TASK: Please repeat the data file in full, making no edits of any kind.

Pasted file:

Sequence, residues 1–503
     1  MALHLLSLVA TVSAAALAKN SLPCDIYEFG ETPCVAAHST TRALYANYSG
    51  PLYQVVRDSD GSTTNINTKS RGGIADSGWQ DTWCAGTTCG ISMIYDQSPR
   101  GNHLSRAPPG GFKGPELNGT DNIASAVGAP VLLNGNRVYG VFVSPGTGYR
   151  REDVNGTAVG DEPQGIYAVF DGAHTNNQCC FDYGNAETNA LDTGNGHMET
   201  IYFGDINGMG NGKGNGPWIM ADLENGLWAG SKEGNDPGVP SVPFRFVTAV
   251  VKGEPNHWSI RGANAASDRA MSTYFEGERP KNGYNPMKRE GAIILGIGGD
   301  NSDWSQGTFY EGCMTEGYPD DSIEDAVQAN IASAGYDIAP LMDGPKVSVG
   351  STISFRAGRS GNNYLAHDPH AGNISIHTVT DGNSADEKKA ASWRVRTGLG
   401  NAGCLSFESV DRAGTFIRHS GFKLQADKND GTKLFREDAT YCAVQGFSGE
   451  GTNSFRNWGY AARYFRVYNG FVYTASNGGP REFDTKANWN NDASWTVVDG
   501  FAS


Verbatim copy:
Sequence, residues 1–503
     1  MALHLLSLVA TVSAAALAKN SLPCDIYEFG ETPCVAAHST TRALYANYSG
    51  PLYQVVRDSD GSTTNINTKS RGGIADSGWQ DTWCAGTTCG ISMIYDQSPR
   101  GNHLSRAPPG GFKGPELNGT DNIASAVGAP VLLNGNRVYG VFVSPGTGYR
   151  REDVNGTAVG DEPQGIYAVF DGAHTNNQCC FDYGNAETNA LDTGNGHMET
   201  IYFGDINGMG NGKGNGPWIM ADLENGLWAG SKEGNDPGVP SVPFRFVTAV
   251  VKGEPNHWSI RGANAASDRA MSTYFEGERP KNGYNPMKRE GAIILGIGGD
   301  NSDWSQGTFY EGCMTEGYPD DSIEDAVQAN IASAGYDIAP LMDGPKVSVG
   351  STISFRAGRS GNNYLAHDPH AGNISIHTVT DGNSADEKKA ASWRVRTGLG
   401  NAGCLSFESV DRAGTFIRHS GFKLQADKND GTKLFREDAT YCAVQGFSGE
   451  GTNSFRNWGY AARYFRVYNG FVYTASNGGP REFDTKANWN NDASWTVVDG
   501  FAS